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Miami Summer Tennis Camps Beat the Heat

July 18, 2007 02:30 PM

400 Kids Learn Tennis for FREE

Forget the sweet treat that comes in the form of an ice cold, flavorful and messy dessert, often eaten by hungry children during the hot days of summer.  The city of Miami-Dade has something even better for kids: a sweet treat that is fun, social and best of all – FREE!  Although thoughts of delicious ice cream may be swirling in your brain, summer tennis camps are what we are talking about.  In fact, FREE summer tennis camps.

Thanks to a $2000 grant from USTA Florida’s Diversity Outreach Program that paid for 200 kids, ages 6-15, to participate in the Kiwanis Club of Little Havana summer camp program, tennis courts are full every Tuesday and Thursday for four hours at Shenandoah Park in Miami.  The grant was given to Friends of Miami Tennis, the local Community Tennis Association (CTA), to cover the costs specifically for the Kiwanis summer camp program, such as equipment and court fees.  This is the second year USTA Florida has partnered with the Kiwanis Club of Little Havana to bring tennis to children during the summer months.

“Getting tennis as part of the Kiwanis Club of Little Havana summer camp program is very important to USTA Florida,” said Shelly Licorish, USTA Florida West Region 4 community coordinator and diversity staff liaison.  “They reach the largest diverse segment in Miami when it comes to Hispanics.” 

The kids have responded positively to the summer camp program at the park and Kiwanis appreciates the organized program the CTA has set up for the children.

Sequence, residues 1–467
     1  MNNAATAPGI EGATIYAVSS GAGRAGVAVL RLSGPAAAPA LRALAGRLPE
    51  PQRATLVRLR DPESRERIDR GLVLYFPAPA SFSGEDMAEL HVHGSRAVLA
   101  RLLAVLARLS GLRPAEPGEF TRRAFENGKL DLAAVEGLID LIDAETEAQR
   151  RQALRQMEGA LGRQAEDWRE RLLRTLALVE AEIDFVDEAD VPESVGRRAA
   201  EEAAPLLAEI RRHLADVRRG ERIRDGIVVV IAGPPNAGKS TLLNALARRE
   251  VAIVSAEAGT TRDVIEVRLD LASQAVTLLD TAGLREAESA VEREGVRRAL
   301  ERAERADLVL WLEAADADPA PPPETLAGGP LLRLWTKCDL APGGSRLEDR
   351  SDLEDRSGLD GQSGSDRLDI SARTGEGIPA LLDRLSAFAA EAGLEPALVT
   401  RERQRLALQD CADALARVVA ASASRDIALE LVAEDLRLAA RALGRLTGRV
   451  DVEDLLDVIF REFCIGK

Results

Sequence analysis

“We hope our involvement takes us into a longer partnership with the organization through their after-school programs,” added Licorish.

On-site instructors include Susan Ricke, USTA Florida mentor, and Liz Perlman; both are part of Friends of Miami Tennis.  Additional teen community volunteers are Blake Simonsohn, 14, Chloe Ricke, 17, and Dylan Ricke, 14; they help make sure the program and games run smoothly. 

“I believe that having teen volunteers working with the USTA in their community will build our future adult volunteer base,” said Ricke.  “What better way to promote the growth of tennis!”

The second summer camp free to children is the Police Athletic League (PAL), organized by the Miami-Dade Police Department.  PAL is a recreation oriented juvenile crime prevention program that relies heavily on athletics and recreational activities to tighten the bond between police officers and kids in the community.  It is based on the belief that children, if reached early enough, can not only develop a strong, positive, attitude towards police officers which may deter them away from crime, but they can participate in a safe, competitive and fun recreational program that instills positive values and encouraging attitudes about life.

PAL uses athletic and recreational programs as a tool; a way to involve children and keep them away from wrongdoing.  The tennis camp, also instructed by Susan Ricke, Liz Perlman and the teen volunteers, takes place every Wednesday, from 9a.m. – 12p.m. at Mays Middle School.

Both camps have embraced tennis and integrated the sport into their programs, which has directly benefited about 400 children in Miami-Dade county.  Summer camps are a special time for children to learn new things, including sports, in a friendly environment.

“This is our third year working with PAL and the third year tennis has been a part of their league,” said Cathy Nordlund, USTA Florida South Region 8 community coordinator.  “We see some of the same kids improving each year, and are thrilled that tennis continues to be a part of their life.” 

  • Pictures from Kiwanis Club of Little Havana summer camp program
















  • Pictures from PAL






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